The other day I was leaving my grocery store. As I’ve written before, there’s a bank just inside the door, and they have a whiteboard out front that often has some mention of their latest loan rate or some special promotion. Or a list of things to do before you die on Christmas.
The sign above was sitting out front a few weeks ago, and the sheer inanity of it made me want to capture the sentiment. At first, I just figured it was a dumb play on words: SUNtrust… SHINE… get it??? Very clever.
But wait! What’s THIS!* A disclaimer?!
It turns out that the Federal Deposit Insurance Corporation (FDIC), the government agency responsible for insuring bank deposits, has imposed “Certain restrictions and limitations” on the manner in which member banks such as Suntrust may help you shine.
So of course, I had to go to the FDIC website to determine what kind of restrictions and limitations applied to shining. (Disclaimer: I did no such thing.)
- The offer to help you shine refers only to helping you shine, and carries no implicit or explicit offer of financial planning, saving, or retirement assistance.
- Shine may be applied to leather shoes, boots, and other footwear. Do not attempt to shine Hush Puppies. (Disclaimer: I can attest to this personally.)
- Not responsible for helping your shin. Please read carefully.
- Customers must come to the lending establishment to receive shine assistance. We will not take a shine to you.
- Void where prohibited. Offer not valid on cloudy days, at night, or indoors.
- The assumption of trust is not intended to be reciprocal. Suntrust does not trust you. We’ve seen your type before, with your shifty eyes and your smooth talk. What have you ever done for us, huh?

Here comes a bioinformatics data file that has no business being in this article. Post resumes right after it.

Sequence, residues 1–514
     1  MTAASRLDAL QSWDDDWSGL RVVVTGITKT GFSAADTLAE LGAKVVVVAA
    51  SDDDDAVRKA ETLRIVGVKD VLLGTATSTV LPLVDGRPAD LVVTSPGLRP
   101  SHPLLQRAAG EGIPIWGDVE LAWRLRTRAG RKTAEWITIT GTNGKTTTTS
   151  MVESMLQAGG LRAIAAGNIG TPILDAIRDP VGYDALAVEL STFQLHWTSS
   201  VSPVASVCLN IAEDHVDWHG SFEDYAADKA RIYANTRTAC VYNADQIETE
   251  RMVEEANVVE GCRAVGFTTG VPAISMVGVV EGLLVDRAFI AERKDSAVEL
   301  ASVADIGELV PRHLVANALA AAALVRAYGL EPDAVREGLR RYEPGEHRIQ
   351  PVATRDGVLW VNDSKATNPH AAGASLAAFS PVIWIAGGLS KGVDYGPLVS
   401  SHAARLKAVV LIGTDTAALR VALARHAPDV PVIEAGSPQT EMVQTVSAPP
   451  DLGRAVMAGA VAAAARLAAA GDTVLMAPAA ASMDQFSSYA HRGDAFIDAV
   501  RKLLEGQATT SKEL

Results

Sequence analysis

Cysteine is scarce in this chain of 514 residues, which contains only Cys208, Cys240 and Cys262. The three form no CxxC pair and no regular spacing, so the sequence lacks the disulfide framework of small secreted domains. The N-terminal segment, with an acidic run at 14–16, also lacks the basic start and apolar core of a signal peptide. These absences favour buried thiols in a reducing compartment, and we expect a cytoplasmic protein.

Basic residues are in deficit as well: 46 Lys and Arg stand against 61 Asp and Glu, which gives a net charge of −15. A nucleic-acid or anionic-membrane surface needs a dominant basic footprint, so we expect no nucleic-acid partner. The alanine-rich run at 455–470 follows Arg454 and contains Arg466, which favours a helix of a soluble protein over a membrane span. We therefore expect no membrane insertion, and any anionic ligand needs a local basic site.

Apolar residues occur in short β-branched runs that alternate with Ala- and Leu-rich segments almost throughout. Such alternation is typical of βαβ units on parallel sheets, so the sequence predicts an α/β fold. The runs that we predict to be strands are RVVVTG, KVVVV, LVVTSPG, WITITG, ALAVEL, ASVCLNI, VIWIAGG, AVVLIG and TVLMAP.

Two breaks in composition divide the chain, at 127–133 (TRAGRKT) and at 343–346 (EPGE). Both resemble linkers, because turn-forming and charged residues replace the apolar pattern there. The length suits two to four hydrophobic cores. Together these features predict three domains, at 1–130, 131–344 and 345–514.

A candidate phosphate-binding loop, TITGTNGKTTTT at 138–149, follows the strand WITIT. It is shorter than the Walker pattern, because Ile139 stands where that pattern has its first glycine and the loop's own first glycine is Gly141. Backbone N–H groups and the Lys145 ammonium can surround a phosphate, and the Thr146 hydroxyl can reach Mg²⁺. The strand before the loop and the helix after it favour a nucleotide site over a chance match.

I don’t know about you, but a bank-assisted shine is going on my Christmas Bucket List!
* Note: The line, “What’s THIS?” should be read in the style of the brilliant William Dozier, the narrator of the classic 1960’s Batman TV show. Dozier, who was also the creator and executive producer of the series, provided insights to each episode that might have eluded the casual viewer. For example, Dozier never let you forget the financial acumen of “millionaire Bruce Wayne”, the age of “his youthful ward Dick Grayson”, or the style in which they lived at “stately Wayne Manor”, always reassuring the audience that Wayne had not fallen upon hard times, that Dick was not too old to be Robin, and that Wayne Manor had not fallen into disrepair. (My favorite line of the show was when a fellow high school student asked, “Hey, aren’t you millionaire Bruce Wayne’s youthful ward Dick Grayson?”)
Curiously, for a man who prided himself on his executive producing skills, he always seemed surprised when Gotham City’s recent spree of bird- and umbrella-related crimes turned out to be the work of (gasp!) the Penguin! Even Chief O’Hara, not the brightest bulb in the GCPD chandelier himself, generally figured out that the frozen guards at the diamond exhibit were probably the work of Mr. Freeze (and not, say, Egghead) before Dozier did.
Still, Dozier’s voice-overs helped make Batman a classic. See for yourself, in this clip that help explain the confusing plot of 2008’s The Dark Knight:
(Spoiler warning: This clip reveals plot details of The Dark Knight, including (at 0:23 and again at 1:20) the identity of the person in the smeared makeup responsible for the rash of clown-related robberies in Gotham City.)
Trivia: Arkham Asylum was not built until 1974, which meant that Gotham City in the 1960s had few resources to provide treatment to mentally ill villains such as the Joker and the oft-concussed King Tut. As a result, the Gotham City Municipal Court often sentenced convicted felons to exile outside the city limits, as revealed in this deleted scene from the first season episode, “Batman is Riled”:
Chief O’Hara: All right, Joker. Begone with ye, and don’t let me see you around our fair city for at least 4 weeks, maybe five.
Joker: Hooo-ho-ho-ho-ho-ho! (Walks away)
Chief O’Hara: Well, I best be gettin’ back, or Commissioner Gordon won’t have anyone to provide exposition to.
(Turning back to his police car, he notices a man along the side of the road.)
Hey, you! Over there, in the question mark covered spandex! It’s a long walk into the city from here. Can I give you a lift?
Chief O’Hara: Begorrah!